On the other hand, there is a long history (and rightfully so) of items that ARE useful and have utility, but whose value does NOT come innately from the item itself, but instead, ONLY comes from the use of -- and dependence upon INFORMATION associated with said use.

An easy historical example comes readily to mind: the traffic light.

In essence, ALL that you have is a simple device that can be made to flash three different colors in a predetermined sequence.

The ONLY way that any actual utility arises comes from extrinsic factors of SETTING the information content (meaning) of the physical attributes.

One (critical) aspect of course is the relation of any such 'information' to the substrate involved.

Of special note, software EASILY skates by this concern, because the undeniable nature of software is -- as a design choice of wares in the computing arts -- NECESSARILY tied to functionality of the substrate. If such were not there, then the ENTIRE notion of softWARE would never even be entertained.

But what of traffic lights (and countless other innovations that depend on extrinsic factors of what information may be dictated to mean in order to provide utility)?

anon, you will not be surprised to read, in my reply, that I am in such thrall to the EPC and the EPO approach to "the presentation of information" that I find it impossible to engage with your writings.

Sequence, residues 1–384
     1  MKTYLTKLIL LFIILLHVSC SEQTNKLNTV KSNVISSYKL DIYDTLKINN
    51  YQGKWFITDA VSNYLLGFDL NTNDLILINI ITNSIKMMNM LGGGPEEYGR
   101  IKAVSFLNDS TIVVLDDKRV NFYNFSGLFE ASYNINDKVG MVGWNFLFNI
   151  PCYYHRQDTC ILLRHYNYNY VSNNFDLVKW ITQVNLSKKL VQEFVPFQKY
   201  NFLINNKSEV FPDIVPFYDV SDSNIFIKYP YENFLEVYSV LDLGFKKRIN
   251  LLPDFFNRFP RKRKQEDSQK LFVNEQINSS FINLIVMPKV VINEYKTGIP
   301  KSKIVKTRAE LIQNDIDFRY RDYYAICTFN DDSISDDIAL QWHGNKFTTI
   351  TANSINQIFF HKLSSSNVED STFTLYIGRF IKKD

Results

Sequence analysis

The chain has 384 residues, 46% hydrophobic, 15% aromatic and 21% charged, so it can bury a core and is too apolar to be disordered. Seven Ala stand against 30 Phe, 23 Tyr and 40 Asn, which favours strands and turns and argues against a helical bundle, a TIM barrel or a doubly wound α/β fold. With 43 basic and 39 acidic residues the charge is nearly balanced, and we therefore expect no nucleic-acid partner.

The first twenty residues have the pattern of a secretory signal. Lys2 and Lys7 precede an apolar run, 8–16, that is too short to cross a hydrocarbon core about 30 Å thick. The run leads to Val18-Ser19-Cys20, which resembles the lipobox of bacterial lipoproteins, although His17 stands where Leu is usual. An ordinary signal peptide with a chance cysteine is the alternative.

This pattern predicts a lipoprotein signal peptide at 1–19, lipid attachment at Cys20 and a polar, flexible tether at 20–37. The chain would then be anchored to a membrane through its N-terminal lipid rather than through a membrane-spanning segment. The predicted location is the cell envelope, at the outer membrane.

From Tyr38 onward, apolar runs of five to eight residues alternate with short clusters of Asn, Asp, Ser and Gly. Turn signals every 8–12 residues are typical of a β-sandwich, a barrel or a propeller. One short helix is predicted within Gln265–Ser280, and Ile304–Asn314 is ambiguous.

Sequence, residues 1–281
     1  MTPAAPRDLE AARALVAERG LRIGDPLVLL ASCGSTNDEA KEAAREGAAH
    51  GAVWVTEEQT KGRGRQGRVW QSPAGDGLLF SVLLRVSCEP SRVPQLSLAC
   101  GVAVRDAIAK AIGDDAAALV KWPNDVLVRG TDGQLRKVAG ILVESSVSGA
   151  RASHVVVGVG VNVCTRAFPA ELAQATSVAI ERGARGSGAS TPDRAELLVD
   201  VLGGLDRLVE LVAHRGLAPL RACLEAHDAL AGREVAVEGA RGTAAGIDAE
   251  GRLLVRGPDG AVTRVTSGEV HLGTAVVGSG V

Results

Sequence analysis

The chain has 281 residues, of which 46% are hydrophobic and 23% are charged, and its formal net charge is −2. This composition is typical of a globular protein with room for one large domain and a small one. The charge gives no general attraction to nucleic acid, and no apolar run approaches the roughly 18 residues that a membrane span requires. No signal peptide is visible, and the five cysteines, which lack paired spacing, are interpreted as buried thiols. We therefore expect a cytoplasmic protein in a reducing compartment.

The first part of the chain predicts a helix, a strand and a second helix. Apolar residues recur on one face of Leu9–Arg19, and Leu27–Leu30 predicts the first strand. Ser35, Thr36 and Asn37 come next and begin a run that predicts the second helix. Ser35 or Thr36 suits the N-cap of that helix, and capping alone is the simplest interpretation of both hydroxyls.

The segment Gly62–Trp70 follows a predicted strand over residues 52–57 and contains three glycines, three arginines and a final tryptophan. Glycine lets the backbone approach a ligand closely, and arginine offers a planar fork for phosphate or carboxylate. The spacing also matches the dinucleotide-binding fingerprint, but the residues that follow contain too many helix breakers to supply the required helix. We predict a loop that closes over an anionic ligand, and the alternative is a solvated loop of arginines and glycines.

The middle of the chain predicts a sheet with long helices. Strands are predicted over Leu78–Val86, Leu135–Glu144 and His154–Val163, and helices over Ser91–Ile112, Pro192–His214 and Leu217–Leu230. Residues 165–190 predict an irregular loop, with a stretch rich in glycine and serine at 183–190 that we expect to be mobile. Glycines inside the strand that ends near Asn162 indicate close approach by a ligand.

At the EPO, the presentation of information "as such" is narrowly excluded from eligibility. A coffee mug, for example, that presents on its radially outward facing surface a new and ingenious and amusing pictorial instruction how optimally to get the best out of the action of drinking coffee from a mug.

Broadly, the EPC recognises patentability in a new combination of technical features which non-obviously solves an objective technical problem.

Here, I find it to be the case that the claimed subject matter does indeed solve a technical problem (CT patients would immediately agree) so cannot be dismissed as nothing more than the presentation, as such, of information.

I think it a shame, that the conundrum of "information" is not so easily resolved under US law.

Here's a question for everyone. In the article, I wrote that the "Court has previously decided that markings on dice have no functional relationship with the dice themselves." This is a reference to the 2018 In re Marco Guldenaar Holding B.V. case, which was also written up on Patent Docs.

After sleeping on it, I'm not sure that I see a distinction between the dice in Guldenaar and the port here. In Guldenaar, the Court stated that "the printed indicia on each die are not functionally related to the substrate of the dice." This doesn't seem right, as without markings, a die has only blank sides. The markings are the functional utility.